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Hi Brian,

This does sound like a possible PAS case. Sorry to hear of all the restrictions, although to be fair, many of them are what I would call "normal concerns", and you have said you are content to go with most of them anyway.

It is normal to not plunge a child into contact with the departed parent's "new family" headlong. But the Courts do accept that in most cases it should happen, at a sensible pace.

3,4, 6, 9, 12 & 14-16 on that list all seem reasonable enough. I'm worried about the terminology. "Tricking" him into a meeting, for example. You only live 5 miles apart, for God's sake. What happens if you see him in the town centre unscheduled. What does she expect you to do? Walk away?

Most of the problems here seem to arise out of a sense of regarding contact as something for the parent, like a prize - one has won, the other has lost. Very bad news, not at all what the Courts do these days. It's all about what the child needs.

Here I have to prod you for a bit more detail. The leading case on this stuff says "Even if the child says no, the Court has a duty to find out why, and not accept this at face value". Are you saying that you have taken this through the Courts, and they have simply acquiesced in the "I don't want to see my Dad" thing? I'm very interested if so.

Please let me have a potted history of the case if you will, so I have something to work from - off list perhaps, by a personal message? Best wishes

Will C

  • DIY Divorce
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06 May 08 #21725 by DIY Divorce
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This is the basic information i found on pas and upon which based my descion regards to my x2b. This may assist.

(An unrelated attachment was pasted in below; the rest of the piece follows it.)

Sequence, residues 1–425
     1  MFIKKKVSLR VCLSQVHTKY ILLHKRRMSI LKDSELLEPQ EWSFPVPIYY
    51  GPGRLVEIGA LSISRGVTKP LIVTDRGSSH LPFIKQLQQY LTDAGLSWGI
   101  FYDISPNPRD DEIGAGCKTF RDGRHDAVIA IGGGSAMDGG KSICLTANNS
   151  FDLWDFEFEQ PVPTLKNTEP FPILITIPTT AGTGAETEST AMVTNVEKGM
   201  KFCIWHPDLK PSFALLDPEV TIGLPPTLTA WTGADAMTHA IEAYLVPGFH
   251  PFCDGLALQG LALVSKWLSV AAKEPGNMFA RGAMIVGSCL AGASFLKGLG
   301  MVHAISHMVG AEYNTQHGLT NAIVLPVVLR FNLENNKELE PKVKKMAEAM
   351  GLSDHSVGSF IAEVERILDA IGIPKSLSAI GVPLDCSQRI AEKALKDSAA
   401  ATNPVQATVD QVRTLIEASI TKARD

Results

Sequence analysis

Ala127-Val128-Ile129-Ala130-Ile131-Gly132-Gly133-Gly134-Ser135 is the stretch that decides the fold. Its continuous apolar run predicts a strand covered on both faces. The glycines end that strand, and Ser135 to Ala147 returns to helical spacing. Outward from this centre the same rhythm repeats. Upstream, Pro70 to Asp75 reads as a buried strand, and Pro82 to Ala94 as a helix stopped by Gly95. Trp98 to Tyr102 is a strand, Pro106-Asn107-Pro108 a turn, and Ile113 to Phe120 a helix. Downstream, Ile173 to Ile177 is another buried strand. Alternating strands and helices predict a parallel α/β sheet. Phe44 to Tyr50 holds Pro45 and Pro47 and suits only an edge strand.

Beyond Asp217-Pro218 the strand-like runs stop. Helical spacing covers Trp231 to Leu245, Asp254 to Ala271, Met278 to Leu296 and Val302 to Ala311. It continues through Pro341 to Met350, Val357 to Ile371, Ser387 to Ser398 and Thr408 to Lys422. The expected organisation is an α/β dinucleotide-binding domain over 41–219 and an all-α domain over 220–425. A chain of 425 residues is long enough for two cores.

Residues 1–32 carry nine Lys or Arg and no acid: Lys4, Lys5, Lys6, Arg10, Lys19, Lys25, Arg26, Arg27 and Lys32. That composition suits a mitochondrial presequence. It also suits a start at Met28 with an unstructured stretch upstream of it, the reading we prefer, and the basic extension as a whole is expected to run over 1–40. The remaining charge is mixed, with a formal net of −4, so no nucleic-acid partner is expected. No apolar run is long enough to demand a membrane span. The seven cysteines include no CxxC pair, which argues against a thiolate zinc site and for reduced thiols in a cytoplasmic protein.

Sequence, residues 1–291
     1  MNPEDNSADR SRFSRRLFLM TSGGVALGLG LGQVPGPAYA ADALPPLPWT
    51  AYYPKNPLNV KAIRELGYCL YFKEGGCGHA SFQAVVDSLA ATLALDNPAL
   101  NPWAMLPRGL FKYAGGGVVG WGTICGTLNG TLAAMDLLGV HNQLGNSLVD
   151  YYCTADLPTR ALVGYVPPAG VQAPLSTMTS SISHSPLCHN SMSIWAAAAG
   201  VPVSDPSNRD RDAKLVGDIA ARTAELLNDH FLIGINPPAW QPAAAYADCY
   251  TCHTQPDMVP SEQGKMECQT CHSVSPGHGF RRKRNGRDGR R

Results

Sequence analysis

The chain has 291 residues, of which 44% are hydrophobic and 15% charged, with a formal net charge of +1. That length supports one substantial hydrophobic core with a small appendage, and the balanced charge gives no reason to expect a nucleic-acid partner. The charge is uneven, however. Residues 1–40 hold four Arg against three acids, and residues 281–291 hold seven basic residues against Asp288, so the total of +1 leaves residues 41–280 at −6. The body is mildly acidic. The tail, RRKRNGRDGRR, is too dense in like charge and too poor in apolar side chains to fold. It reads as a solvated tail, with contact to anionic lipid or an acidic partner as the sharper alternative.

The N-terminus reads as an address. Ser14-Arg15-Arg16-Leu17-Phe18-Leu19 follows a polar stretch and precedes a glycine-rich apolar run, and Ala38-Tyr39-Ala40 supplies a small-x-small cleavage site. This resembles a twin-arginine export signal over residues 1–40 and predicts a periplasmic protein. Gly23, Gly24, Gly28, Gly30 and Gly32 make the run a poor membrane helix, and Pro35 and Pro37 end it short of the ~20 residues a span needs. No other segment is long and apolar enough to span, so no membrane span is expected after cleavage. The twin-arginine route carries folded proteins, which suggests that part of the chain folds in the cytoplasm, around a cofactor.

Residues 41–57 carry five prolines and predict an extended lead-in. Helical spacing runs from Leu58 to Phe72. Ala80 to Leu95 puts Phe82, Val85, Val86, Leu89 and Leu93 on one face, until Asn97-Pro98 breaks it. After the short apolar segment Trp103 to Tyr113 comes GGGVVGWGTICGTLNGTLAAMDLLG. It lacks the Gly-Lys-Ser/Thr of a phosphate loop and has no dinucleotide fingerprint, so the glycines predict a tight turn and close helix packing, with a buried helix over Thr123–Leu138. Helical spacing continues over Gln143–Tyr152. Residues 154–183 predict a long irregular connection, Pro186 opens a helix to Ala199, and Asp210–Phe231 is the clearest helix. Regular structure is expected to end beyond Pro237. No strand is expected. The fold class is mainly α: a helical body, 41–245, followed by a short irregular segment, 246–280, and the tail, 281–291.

• escapy
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11 May 08 #22097 by escapy
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not sure quite what form PSA takes, would like to know more to see if my experiences are of any use. Are there any aricles i can read on the topic.

Thank You.

  • D L
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11 May 08 #22098 by D L
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Hi Will

Hope your study is going well. I dont know if this would help, but from professional experience the majority of CJs in Liverpool are happy to consider and accept professional opinion on PAS where there is suggestive evidence leading to the professional input.

  • Fiona
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11 May 08 #22120 by Fiona
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The problem with reading about PAS is it's a bit like reading a medical dictionary, people read about the 'symptoms' and start thinking they might have the complaint. Our attitudes are, in a sense, a self-fulfilling prophecy (isn't that a premise of NLP, Will?)

I'm not trying to trivialise the difficulties people face, but alienation when a child resists or completely refuses contact with a parent who is undeserving of rejection is pretty unusual. Far more common when you talk to children are ambivalent feelings including anger, sadness and love often with genuine concerns about contact.

Anyway for a psychologist's summary of research see;


Or an easier read is When one parent turns a child against the other Chapter 5 in the recent Resolution publication Separation and Divorce Helping Parents to Help Children